Flu FAQ

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Flu season is upon us and Ohio is one of 46 states experiencing widespread flu activity. So, what exactly do you need to know? We’ve broken down all of the important information you should keep in mind as the flu continues to spread.

What are flu symptoms? What is the difference between a cold and the flu?

The flu is a contagious viral respiratory illness. Symptoms include:

  • Fever and chills
  • Cough
  • Sore throat
  • Runny or stuffy nose
  • Body aches
  • Headache
  • Fatigue
  • Vomiting and diarrhea (more common in children than adults)

While some of the symptoms of a common cold are the same as the flu, they are very different illnesses. Symptoms of colds typically come on gradually, while flu symptoms start abruptly. Fevers are also uncommon with colds, while most people experiencing influenza will have a fever for 3-4 days.

What are complications of influenza? Who is at risk?

Complications of influenza range from mild, like ear infections and sinus infections, to severe, like pneumonia. Influenza can also worsen chronic conditions like asthma.

Rare, but life threatening, complications can include things like inflammation of the heart, brain or muscle tissues.

While anyone who gets influenza can have complications, those at highest risk include:

  • People ages 65+
  • Anyone with a chronic illness or medical condition
  • Those with a weakened immune system
  • Pregnant women
  • Children under age 5

What should I do if I think I have the flu?

  • You should stay home unless you are seeking medical care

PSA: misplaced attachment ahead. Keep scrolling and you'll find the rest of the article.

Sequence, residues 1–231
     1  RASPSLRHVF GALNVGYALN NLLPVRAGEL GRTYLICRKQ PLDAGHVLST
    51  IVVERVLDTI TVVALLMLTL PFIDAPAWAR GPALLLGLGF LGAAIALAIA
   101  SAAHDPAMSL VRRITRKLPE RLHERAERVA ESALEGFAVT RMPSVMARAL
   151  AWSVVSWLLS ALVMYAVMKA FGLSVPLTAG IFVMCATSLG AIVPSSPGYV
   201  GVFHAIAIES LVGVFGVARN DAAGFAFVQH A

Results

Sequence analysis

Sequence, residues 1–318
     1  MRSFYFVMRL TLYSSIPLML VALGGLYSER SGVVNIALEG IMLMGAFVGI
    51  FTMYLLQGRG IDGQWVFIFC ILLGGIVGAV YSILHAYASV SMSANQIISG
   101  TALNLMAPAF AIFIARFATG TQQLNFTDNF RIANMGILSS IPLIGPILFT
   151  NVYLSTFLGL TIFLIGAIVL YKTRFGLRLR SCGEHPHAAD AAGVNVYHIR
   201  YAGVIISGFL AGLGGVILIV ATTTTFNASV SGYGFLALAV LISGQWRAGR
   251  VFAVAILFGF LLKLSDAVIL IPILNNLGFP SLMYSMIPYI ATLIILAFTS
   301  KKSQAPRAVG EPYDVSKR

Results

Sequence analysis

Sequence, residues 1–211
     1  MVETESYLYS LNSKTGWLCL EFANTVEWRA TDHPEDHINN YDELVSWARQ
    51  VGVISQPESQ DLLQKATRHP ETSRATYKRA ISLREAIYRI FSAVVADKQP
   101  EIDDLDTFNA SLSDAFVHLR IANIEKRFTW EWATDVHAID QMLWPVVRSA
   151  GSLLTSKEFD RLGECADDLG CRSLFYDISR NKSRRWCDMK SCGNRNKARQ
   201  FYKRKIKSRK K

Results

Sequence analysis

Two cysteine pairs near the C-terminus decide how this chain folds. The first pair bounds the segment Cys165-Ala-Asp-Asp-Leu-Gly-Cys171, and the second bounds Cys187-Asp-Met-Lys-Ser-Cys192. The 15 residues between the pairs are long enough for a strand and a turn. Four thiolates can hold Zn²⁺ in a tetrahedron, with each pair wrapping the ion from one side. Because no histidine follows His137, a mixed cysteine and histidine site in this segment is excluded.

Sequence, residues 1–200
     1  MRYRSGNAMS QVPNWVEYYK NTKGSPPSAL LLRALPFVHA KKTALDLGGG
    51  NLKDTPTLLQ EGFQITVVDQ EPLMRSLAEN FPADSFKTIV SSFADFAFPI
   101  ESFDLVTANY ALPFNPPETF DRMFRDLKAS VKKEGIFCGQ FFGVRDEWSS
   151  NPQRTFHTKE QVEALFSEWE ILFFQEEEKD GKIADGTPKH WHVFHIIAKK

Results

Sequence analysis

• Stay hydrated by drinking plenty of clear fluids
  • Get plenty of rest

When should I seek medical care for flu?

If symptoms are severe or you have a chronic medical condition or are pregnant, you should seek medical care. Children under age five, who are at a higher risk for developing complications, should be seen by their provider if they are experiencing flu symptoms. If you are unsure whether you or your child should seek medical care, contact your provider’s office.

According to the Ohio Department of Health, children and adults experiencing the following emergency warning signs should seek immediate medical care.

In children, emergency warning signs include:

  • Fast breathing or trouble breathing
  • Bluish or gray skin color
  • Not drinking enough fluids
  • Severe or persistent vomiting
  • Not waking up or not interacting
  • Being so irritable that the child does not want to be held
  • Flu-like symptoms improve but then return with fever and worse cough

In adults, emergency warning signs include:

  • Difficulty breathing or shortness of breath
  • Pain or pressure in the chest or abdomen
  • Sudden dizziness
  • Confusion
  • Severe or persistent vomiting
  • Flu-like symptoms improve but then return with fever and worse cough

How can I prevent the flu?

The best way to prevent influenza is to receive a flu vaccine. The flu vaccine is recommended for everyone over age 6 months of age. It’s not too late to get one for this flu season – if you have not received a vaccination and would like to, contact your provider’s office.

According to the CDC, other important measures to prevent the spread of the flu are:

  • Washing your hands
  • Staying home if you are sick
  • Covering your cough and sneeze
  • Avoiding close contact with those who are sick
  • Avoiding touching your eyes, nose and mouth

Practicing good health habits, like eating a balanced diet, staying physically active, getting enough sleep and managing stress levels can also help you avoid the flu and other illness.

What do Mercer Health’s visitor restrictions mean?

In order to protect our patients and staff, Mercer Health is currently restricting all visitors under age 14, including siblings visiting the Childbirth Center. We are also asking anyone over the age of 14 to please avoid visiting if they are experiencing cold or flu-like symptoms.

References: Center of Disease Control and Prevention and Ohio Department of Health

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